Cardiomegaly noted on chest radiography may be the initial reason for referral of a child with partial anomalous pulmonary venous connection (PAPVC). Other findings may include a dilated main pulmonary artery and increased pulmonary arterial vascular markings. However, chest radiography findings may be grossly normal.

Anomalous connection of one or more veins from the left lung into a left vertical vein that drains into the left innominate vein can create widening of the left upper mediastinal shadow. Rarely, the increased flow volume may also be sufficient to dilate the superior vena cava (SVC), widening the upper right mediastinal shadow. This can simulate the so-called "snowman" heart shape described in total anomalous pulmonary venous return to a left vertical vein.

In its classic appearance, scimitar syndrome causes the "scimitar sign." This sign is a linear opacity, usually (but not always) found at the base of the right lung, that widens as it courses inferiorly and ends in the inferior vena cava. It is associated with dextroposition of the heart due to right lung hypoplasia. The scimitar sign can be obscured by a significant dextropositioning of the heart.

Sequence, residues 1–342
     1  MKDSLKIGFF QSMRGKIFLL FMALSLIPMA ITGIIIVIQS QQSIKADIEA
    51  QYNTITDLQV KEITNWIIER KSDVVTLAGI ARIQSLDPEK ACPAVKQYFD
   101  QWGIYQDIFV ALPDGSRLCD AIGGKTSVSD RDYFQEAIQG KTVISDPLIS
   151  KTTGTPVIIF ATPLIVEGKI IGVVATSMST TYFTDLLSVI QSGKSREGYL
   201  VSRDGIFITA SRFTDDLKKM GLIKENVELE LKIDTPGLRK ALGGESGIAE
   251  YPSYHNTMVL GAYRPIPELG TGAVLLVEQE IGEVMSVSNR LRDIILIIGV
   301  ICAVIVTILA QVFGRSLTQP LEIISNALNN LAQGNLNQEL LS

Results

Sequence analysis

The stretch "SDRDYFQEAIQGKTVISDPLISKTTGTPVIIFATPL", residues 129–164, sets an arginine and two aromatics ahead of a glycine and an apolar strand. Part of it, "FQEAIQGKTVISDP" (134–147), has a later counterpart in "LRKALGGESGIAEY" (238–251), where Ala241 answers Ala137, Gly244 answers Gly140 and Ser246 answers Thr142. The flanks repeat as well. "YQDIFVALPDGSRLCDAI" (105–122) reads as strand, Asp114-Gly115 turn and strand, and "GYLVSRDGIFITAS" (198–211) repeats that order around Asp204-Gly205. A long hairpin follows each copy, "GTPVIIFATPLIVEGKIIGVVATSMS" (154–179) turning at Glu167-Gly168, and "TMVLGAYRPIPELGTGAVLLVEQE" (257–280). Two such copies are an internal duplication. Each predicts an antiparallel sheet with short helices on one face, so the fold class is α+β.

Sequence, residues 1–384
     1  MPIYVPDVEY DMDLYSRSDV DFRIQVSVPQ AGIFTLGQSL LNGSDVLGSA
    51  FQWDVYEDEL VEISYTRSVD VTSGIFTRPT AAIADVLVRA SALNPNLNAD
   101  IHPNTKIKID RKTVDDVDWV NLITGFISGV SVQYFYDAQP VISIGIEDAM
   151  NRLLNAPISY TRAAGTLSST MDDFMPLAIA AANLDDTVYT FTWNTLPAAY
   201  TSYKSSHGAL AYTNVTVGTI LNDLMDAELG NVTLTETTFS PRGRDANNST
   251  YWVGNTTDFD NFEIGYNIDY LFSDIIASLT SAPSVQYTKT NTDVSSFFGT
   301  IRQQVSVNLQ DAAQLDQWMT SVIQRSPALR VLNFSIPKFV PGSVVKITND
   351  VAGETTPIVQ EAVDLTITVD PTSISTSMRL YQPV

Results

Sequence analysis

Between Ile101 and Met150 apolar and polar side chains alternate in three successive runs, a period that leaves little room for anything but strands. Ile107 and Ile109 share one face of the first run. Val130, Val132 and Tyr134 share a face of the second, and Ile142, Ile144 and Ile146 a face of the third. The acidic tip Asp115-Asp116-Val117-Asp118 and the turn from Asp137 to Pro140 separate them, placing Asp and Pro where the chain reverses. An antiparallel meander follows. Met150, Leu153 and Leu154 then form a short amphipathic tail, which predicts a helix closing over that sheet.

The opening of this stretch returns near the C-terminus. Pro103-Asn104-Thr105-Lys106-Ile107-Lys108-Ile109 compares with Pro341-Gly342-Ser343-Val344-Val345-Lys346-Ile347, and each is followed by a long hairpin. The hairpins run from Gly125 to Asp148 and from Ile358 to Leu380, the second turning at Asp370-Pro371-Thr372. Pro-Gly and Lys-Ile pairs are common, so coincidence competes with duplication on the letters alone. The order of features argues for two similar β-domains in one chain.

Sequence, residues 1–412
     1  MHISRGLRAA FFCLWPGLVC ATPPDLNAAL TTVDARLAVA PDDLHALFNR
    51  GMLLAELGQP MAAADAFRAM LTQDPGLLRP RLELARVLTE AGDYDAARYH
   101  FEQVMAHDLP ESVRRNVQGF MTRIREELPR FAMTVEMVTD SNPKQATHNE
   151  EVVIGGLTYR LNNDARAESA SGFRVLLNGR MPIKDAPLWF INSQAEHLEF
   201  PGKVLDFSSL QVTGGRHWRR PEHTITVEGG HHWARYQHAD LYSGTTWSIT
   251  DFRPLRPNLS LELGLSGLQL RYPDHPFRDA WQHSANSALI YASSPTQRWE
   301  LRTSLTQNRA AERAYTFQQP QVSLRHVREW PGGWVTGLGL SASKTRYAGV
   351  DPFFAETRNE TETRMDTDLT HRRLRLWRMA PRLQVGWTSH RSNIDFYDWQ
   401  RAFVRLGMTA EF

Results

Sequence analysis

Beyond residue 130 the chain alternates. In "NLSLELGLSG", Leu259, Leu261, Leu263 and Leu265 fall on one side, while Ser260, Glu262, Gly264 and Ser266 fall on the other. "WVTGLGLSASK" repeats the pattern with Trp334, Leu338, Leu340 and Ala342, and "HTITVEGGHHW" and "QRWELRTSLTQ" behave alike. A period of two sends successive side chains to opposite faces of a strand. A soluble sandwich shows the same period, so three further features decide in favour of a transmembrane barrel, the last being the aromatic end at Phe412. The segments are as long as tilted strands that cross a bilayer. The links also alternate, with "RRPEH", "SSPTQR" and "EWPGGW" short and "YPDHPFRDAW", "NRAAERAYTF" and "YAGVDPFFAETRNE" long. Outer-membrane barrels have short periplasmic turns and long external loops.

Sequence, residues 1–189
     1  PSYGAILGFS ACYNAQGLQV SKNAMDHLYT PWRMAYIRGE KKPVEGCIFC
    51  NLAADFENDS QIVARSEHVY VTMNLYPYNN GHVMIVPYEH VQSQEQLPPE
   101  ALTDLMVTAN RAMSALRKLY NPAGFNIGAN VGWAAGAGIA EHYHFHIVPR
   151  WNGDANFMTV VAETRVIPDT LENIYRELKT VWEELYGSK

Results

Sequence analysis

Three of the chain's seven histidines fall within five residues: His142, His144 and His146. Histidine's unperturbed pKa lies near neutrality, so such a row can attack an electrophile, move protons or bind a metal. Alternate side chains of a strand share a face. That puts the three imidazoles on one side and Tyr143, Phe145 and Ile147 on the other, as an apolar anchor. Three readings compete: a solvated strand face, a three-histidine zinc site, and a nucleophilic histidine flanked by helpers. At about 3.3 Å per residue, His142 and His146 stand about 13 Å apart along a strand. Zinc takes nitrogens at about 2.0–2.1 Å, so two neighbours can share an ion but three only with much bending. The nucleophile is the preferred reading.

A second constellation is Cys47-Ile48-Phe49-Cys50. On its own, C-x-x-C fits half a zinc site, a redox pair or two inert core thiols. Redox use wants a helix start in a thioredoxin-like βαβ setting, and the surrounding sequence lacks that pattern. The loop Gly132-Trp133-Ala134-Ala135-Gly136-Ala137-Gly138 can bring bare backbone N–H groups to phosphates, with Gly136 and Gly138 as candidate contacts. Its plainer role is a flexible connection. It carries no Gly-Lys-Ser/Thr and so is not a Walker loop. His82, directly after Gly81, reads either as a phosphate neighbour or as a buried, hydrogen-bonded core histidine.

PAPVC has been diagnosed in utero. In children, echocardiography is the study of choice; however, the lesion can be easily missed if routine echocardiography does not incorporate definition of the entire pulmonary venous return. The size or the diameter of the pulmonary veins should be determined by 2-dimensional (2D) echocardiography. Spectral Doppler study of the individual pulmonary veins is also important to determine obstruction to the flow